Readers and friends know I take a keen interest in politics; the truth is, however, parish life keeps me pretty busy, so I spend far less time on the subject than I might enjoy.
Some time back, when former New York mayor Rudy Giuliani began to be talked about as a presidential candidate in 2008, a lot of his vocal supporters and cheerleaders included folks who claim to be prolife--in this case, they became "prolife, but," as in, "I'm prolife, but I think the need for a strong leader in this time of crisis is of first order, so I back Giuliani." And then came explanations for why someone who had been outspoken for legal abortion, even for tax funding of abortion, would still be someone prolifers could get along with and even make progress with.
Well, there may be other arguments for Giuliani, but that one was patently ridiculous. A far better argument can be made for how Bill Clinton's presidency meant progress for prolifers: because of the resulting activism of prolifers to his election, translating into election of many more prolife politicians to Congress and state legislatures, and that in turn resulting in better policy in many places. That happens to be true. But no one has, to my knowledge, suggested Giuliani will have a similar effect.
No, the argument meant to induce prolifers to accept Giuliani was that he'd mute his pro-abortion position, and he'd advance the prolife cause by naming good justices to the Supreme Court.
Well...then he said in the recent debate that he'd be "okay" with Roe v. Wade being overturned, and he'd be okay with it being upheld--and he saw either outcome as something a strict constructionist justice could do.
In his column today, Charles Krauthammer points out, reasonably, how this might be true--that a "strict constructionist" justice might reason that Roe had been part of the law too long to be repealed. But all that does is highlight that the term "strict constructionist" is deceptive in its meaning in these discussions. To be blunt: politicians trot out the term to soothe and lull people into a false sense of security. Our current president, and also Giuliani (and many others), say "strict constructionist" to prolifers, expecting them to hear, "will overturn Roe." It's code, and everyone knows it.
After all, the centerpiece of the "prolife" argument for Giuliani was his pledge to appoint justices "like Roberts and Alito." (Never mind neither has yet demonstrated he'll cast aside Roe.)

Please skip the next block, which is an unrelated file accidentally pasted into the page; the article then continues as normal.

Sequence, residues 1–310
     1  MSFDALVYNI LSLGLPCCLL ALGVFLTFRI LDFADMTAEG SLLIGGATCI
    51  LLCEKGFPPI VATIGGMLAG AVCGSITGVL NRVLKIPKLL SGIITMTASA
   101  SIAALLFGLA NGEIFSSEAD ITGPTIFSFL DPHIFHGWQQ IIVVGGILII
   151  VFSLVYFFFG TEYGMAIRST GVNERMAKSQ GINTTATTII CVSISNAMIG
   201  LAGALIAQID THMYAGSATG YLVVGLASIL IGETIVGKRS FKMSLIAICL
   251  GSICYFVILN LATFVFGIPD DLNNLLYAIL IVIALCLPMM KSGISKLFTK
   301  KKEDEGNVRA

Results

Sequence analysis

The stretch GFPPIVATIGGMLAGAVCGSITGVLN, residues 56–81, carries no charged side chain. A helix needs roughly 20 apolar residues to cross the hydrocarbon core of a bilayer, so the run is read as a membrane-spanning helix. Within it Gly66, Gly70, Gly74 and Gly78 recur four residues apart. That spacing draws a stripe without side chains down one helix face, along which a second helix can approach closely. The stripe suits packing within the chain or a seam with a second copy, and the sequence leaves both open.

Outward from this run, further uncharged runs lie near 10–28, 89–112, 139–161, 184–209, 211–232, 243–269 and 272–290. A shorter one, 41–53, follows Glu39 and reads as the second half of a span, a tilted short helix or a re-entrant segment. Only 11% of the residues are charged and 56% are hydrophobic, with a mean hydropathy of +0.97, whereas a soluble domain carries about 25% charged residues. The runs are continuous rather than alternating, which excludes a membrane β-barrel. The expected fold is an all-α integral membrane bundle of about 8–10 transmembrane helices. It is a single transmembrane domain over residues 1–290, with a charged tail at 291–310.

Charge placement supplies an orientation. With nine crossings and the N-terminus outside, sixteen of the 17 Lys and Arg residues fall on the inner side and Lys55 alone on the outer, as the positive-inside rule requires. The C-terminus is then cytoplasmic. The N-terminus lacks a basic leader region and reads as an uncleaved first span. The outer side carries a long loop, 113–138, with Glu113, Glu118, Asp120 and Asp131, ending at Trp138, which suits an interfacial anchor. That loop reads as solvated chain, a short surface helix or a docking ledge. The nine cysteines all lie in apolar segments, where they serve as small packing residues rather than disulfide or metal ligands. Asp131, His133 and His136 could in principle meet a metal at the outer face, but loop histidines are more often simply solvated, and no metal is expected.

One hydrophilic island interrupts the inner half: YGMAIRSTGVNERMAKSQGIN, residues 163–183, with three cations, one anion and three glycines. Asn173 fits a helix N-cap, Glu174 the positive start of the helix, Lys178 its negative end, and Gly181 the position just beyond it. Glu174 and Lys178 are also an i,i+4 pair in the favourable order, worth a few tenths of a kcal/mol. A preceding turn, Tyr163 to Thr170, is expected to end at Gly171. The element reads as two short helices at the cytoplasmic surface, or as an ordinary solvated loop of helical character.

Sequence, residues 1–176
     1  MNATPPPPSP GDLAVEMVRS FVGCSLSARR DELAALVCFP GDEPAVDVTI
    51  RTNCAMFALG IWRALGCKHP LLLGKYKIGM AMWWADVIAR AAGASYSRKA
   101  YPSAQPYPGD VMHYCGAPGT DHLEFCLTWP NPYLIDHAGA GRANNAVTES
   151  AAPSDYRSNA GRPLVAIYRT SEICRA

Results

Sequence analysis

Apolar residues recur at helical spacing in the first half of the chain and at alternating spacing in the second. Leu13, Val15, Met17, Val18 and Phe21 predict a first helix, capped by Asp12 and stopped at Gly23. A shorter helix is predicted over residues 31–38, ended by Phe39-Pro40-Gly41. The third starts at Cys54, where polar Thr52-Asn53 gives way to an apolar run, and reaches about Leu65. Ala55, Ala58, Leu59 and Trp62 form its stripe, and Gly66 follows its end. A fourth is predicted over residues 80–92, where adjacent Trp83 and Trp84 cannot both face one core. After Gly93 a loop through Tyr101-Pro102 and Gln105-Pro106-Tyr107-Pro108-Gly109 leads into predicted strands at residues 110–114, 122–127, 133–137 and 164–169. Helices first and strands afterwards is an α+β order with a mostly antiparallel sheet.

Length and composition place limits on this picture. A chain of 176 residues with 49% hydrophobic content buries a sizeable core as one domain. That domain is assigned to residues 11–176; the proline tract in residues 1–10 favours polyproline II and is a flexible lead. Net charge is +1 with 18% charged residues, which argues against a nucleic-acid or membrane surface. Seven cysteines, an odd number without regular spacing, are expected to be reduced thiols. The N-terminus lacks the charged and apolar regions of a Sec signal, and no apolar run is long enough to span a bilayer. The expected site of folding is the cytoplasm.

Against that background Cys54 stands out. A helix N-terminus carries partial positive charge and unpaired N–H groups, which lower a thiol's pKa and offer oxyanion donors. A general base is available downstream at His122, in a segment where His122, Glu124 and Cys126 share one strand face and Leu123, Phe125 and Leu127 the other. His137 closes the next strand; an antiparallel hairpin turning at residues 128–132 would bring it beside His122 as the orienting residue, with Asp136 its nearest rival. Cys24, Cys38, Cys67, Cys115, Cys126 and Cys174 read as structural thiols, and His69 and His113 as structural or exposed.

Giuliani's candor on Roe knocked the props out from under these so-called prolifers who backed him. I say so-called, not because I believe a prolifer cannot back Giuliani. I happen to believe that; but I also can understand that not everyone has clarity on that, and I don't care to fight over that question, just now. No, the folks I call "so-called prolifers" are those who, in my judgment, are attempting a fraud--either deliberately, or they simply have deluded themselves. They are trying to claim someone like Giuliani would represent progress, or at worst, no change, when it comes to the prolife cause. It would be far more honest to concede he's terrible on the prolife cause, and would hurt the cause--but some extenuating circumstances make that the least bad alternative. I wouldn't agree with that argument--but it's a more honest one.
Back to Giuliani's answer on Roe--it is your warning, prolifers, to discount all the talk about "strict constructionist" judges and look for more substantive responses. (I might point out, in passing, that Giuliani, in that recent debate, either erred accidentally, or showed his ignorance of the law, or tried to snow us, when he referred to Roe being upheld, and then it'd be up to the states. The fact is, part of what makes Roe a travesty is that it does not leave it up to the states. The pro-aborts know it, so anything that opens the door, even a crack, to federal or state regulation of abortion represents a backing away from the absolutism of Roe, and its companion case, Doe. And, I might also point out here that this is why it's a little disingenuous to speak of Roe as "settled law" because it has been modified, several times, since 1973.) I'm not saying strict constructionist justices aren't a good thing, nor am I saying that what we should want is justices whose vote on Roe is pre-determined. What I think is that these politicians are trying to play word games with us, and Giuliani's candor on Roe the other day reveals that.
As does the recent silence of those who were claiming prolifers could make progress with Giuliani. They can't point to his promises on justices anymore, and I suspect they are afraid to say anything else in defense of him on the prolife cause, for fear he'll cut 'em off at the knees with the next revelation. For example, he claims to be "personally prolife" (like John Kerry), and yet it turns out he gave money to the world's leading abortion industry, Planned Parenthood. Better to talk about the war on terror.